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Whose Calorie Tracker is Right, Anyway? A Case Study in why it can be Difficult to Lose Weight using Fitness Tracker Data

For the longest time I relied, loosely, on data I got from Endomondo to watch what I ate while balancing a ridiculously active cycling habit. There once was a time I couldn’t eat enough “good” food to keep weight on so I added a little fast food on occasion. McDonald’s, Burger King, Wendy’s… they were all on the table. I didn’t overdo it, of course, maybe a couple of times a week, but I didn’t shy away, either. It was a good problem to have.

Two years later it got to a point where I was eating two value meals after a Tuesday night ride to keep my weight up. And that’s about the time everything caught up to me. My problems started when I didn’t taper down the extra food and fast food after DALMAC (typically our “end of the season” tour – after that, we tend to ride a little easier). I kept eating as if I were putting in 250 mile weeks. I didn’t put on a lot of weight, but I got a little mushy, and I didn’t like it.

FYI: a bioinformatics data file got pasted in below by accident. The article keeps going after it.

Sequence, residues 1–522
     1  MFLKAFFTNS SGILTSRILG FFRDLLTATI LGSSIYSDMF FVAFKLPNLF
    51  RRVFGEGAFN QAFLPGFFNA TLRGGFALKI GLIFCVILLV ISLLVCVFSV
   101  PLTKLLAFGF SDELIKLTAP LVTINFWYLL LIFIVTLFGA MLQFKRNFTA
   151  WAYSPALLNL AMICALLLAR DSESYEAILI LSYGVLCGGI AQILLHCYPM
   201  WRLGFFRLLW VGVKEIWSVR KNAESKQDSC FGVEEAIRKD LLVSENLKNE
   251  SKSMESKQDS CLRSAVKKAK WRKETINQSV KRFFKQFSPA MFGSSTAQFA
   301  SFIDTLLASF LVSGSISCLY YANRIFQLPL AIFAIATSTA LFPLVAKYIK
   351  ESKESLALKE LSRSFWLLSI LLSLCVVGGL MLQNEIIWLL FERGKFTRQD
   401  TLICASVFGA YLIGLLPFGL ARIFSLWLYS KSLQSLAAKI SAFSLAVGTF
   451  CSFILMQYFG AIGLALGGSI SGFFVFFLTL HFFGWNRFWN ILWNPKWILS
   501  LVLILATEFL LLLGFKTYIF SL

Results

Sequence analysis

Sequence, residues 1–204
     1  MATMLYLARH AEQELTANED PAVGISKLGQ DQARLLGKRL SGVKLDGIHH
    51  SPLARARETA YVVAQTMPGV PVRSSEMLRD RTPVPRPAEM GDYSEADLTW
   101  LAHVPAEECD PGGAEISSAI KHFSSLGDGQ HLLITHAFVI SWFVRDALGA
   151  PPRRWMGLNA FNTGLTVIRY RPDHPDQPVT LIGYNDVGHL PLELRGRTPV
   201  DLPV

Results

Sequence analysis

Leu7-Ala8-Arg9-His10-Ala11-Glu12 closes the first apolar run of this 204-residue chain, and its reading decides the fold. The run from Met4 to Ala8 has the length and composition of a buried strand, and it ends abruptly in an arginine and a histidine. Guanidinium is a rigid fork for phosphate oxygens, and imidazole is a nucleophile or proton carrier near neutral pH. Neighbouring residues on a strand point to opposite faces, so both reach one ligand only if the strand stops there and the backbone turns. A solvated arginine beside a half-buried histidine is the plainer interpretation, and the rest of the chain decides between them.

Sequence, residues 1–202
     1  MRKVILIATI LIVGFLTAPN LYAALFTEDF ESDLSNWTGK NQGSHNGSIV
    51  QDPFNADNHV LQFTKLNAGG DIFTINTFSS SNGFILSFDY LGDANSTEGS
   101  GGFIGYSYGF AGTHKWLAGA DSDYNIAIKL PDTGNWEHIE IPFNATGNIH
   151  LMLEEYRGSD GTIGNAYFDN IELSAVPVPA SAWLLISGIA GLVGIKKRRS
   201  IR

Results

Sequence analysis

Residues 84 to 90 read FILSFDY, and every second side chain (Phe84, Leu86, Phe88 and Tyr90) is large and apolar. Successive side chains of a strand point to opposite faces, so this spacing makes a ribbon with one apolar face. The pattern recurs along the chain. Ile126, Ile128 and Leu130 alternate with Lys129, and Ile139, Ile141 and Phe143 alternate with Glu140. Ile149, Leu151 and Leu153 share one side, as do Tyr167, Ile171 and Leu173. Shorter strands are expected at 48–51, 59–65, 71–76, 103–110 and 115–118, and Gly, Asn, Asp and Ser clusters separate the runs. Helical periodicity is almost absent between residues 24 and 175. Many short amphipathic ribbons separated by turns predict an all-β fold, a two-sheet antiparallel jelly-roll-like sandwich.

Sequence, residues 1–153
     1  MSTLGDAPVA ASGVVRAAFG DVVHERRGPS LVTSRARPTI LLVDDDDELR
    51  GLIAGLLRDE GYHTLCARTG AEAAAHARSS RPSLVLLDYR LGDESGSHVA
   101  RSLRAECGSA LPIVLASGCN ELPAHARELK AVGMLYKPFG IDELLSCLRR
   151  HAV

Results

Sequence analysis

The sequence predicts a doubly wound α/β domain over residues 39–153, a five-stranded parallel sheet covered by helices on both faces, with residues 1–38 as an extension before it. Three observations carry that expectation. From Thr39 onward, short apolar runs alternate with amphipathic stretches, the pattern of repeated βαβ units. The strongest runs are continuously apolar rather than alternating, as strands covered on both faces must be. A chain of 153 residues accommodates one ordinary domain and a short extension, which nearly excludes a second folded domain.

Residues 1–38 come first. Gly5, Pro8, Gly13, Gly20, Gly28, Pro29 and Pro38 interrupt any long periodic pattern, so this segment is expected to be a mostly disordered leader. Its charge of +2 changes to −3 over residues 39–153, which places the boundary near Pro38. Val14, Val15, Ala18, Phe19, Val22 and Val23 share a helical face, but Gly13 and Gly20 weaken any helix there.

This year, I’m down at my fighting weight and I’m smarter going into fall. I’ve already started to taper and I’m saving fast food for big ride days only.

However, it seems I may have been using bad information all along. Take yesterday’s 54 mile ride: Endomondo gave me 3,307 calories to make up for. That’s a lot of chips and salsa, folks! Strava, for the same ride: 1,803.  Where the extra 1,500 calories went, I don’t know.

Let’s look at another. Last Saturday’s 101 mile effort at 20.2-mph, the last two hours of which were in the rain. Endomondo: 6,559 Strava: 3,832. Even a short 20-miler. Endomodo: 1,216 vs. Strava: 616 calories.

Folks, I have no doubt in my mind that Endomondo is too high in their estimate, and I paid for it.  That led to my troubles regulating my weight over the last couple of years.

User beware.

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